He’d joined the line three weeks earlier not out of fear, or inability to care for himself. It was boredom. A retired engineer from Roanoke, Virginia, and self-proclaimed Rockfish fishing champion, Zechariah spoke softly yet quickly, with words that piled into themselves. He was a nebbish man; gentle and never married. The Collapse for him was an opportunity for excitement and risk. Something he’d never experienced in his fifty-two years of life. He walked with a limp from a replaced right hip and paid little attention to the sun; his dark pigmentation and abundance of melanin affording him a natural sun protection. Zechariah wore no hat, no facial projection and was never without a smile. “I won’t be around much longer,” he said. “I’ve seen others left behind.”

For days, I listened to the Alpha examine Zechariah, picking at his heart and soul as if he was an animal and the Alpha a carrion, a buzzard, clearing the world of unneeded carcasses. With each passing day, Zechariah withered, becoming a husk, a defeated man. “I’m an engineer, not a man of faith. I had nothing to give,” he said.

I had nothing to give were the last words I heard Zechariah speak. Under the watchful eye of the Alpha he vanished into the darkness.

“Therefore, a curse devours the earth, and those who live in it are held guilty. Therefore, the inhabitants of the earth are burned, and few men are left.” — Isaiah

“Zechariah went it alone,” The Alpha said. It was the first time he’d spoken in days, and I knew it was a lie. The line, traveling back roads, avoiding the uncertainties that made life after the collapse so dangerous, moved at a brisk pace.

“The world is different now. We must repent for what has brought us to this place. He is waiting. There will be a new heaven and a new earth.”

I’d never been a religious man, never quibbled over the terms agnostic or atheist. In the past, I’d seen the rise in godliness among people in crisis; a God help us spray painted on a rooftop during a massive flood or on a boarded-up window during a hurricane. I was in no position to judge. I’d prayed for the first time in my life during those chaotic days.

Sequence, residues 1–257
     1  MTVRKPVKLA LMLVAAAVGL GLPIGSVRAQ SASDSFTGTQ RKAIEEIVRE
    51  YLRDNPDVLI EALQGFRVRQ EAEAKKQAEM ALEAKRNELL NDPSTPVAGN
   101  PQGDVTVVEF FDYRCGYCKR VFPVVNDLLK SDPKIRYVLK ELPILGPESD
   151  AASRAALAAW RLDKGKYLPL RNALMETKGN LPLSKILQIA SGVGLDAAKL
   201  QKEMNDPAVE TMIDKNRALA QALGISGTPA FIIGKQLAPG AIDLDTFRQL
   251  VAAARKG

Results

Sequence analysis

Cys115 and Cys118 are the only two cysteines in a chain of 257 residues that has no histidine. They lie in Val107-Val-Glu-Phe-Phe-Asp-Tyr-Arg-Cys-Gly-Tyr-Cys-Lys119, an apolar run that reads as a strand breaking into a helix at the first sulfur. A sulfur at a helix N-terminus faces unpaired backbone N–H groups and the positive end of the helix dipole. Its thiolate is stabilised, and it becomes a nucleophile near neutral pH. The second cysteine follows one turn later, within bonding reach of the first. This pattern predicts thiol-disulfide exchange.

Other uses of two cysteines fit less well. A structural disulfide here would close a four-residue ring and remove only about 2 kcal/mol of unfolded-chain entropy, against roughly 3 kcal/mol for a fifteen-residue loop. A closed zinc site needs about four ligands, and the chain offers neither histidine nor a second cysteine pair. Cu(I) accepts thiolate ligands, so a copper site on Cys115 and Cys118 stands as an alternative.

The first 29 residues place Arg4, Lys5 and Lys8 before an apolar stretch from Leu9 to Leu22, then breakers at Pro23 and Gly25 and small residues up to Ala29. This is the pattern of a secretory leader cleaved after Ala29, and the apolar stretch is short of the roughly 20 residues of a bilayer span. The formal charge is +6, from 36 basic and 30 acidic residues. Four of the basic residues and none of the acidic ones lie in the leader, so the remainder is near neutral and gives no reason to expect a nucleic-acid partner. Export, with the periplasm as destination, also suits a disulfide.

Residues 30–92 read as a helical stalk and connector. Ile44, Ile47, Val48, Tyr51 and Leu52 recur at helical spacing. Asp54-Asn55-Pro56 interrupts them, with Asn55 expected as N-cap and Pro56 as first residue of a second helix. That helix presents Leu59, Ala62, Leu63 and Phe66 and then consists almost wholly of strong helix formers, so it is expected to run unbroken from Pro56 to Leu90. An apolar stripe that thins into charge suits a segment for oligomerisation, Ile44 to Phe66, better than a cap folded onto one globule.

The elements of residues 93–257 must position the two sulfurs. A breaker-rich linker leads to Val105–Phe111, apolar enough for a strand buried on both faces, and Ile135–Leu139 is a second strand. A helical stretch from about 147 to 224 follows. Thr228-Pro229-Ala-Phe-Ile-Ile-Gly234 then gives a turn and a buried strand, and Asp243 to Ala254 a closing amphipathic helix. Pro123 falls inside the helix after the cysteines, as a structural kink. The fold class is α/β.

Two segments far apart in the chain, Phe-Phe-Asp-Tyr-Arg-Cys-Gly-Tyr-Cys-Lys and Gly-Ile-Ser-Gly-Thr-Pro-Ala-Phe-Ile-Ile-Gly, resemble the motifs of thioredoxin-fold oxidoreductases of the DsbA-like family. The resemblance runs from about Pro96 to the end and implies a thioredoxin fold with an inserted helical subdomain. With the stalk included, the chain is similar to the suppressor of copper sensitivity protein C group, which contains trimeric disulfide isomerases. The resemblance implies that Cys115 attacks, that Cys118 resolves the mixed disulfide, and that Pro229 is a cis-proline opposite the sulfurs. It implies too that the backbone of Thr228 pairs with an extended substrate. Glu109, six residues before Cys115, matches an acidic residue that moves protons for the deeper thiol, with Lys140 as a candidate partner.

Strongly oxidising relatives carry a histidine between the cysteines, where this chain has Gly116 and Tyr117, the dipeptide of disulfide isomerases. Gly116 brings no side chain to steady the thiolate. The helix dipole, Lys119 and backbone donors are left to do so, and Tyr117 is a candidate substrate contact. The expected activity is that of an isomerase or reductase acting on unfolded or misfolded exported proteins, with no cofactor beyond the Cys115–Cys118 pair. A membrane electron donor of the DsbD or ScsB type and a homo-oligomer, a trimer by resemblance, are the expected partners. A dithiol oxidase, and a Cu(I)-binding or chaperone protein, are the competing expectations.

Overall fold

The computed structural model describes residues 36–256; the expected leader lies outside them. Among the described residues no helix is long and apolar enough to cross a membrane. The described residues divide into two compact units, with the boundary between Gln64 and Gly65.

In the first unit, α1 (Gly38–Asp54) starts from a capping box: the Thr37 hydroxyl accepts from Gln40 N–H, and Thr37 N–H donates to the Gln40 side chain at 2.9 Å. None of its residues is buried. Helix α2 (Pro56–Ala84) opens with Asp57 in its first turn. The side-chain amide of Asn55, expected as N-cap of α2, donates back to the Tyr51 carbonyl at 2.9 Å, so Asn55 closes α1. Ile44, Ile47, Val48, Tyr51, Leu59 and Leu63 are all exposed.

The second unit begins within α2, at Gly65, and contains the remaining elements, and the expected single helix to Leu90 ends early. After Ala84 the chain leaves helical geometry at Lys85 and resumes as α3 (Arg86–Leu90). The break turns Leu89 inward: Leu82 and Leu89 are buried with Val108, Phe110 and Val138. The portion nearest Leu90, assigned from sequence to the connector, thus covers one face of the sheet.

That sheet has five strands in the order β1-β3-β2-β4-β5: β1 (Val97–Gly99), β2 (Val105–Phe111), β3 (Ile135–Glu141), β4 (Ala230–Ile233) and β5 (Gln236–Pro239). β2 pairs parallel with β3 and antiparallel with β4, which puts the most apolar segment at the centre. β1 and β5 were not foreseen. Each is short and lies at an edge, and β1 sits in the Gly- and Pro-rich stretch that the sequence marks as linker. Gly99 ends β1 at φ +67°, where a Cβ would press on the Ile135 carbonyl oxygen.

I’d assumed the position behind the Alpha after Zechariah’s disappearance. Within hours my inquisition began, subtly, as if the Alpha were picking tender fruit from a tree. I worked to keep the conversations short and on task; the direction we walked, how much food and water we had remaining. I knew nothing of religious scripture, of salvation.

As we penetrated deeper into the lands, I realized my worthiness was in question. I knew I wasn’t worthy, but my journey, this pilgrimage, it was all that I had left. Again, I couldn’t help but think of what Zechariah said the last day we spoke. “I had nothing to give.”

Outside of Wilsonville, the Alpha stopped talking altogether.

So, I began.

“Where are your parents, your family?” I asked.

“Dead,” he said. There was little emotion in his voice.

The Collapse claimed many casualties, displaced families and orphaned children. The line was a byproduct of that catastrophe, the bastardized child of man. A reckoning the Alpha said. Zechariah was wrong about one thing. To the line, he was the Messiah, their savior.

“Zechariah didn’t leave, did he?” I boldly asked. The Alpha, the Messiah, measured my words.

“For evildoers will be cut off, but those who wait for the LORD, they will inherit the land. I will carry you until you are no longer worthy.” was his reply.

I shuddered at his words.

“If we confess our sins, he is faithful and just and will forgive us our sins and purify us from all unrighteousness.” —1 John 1:9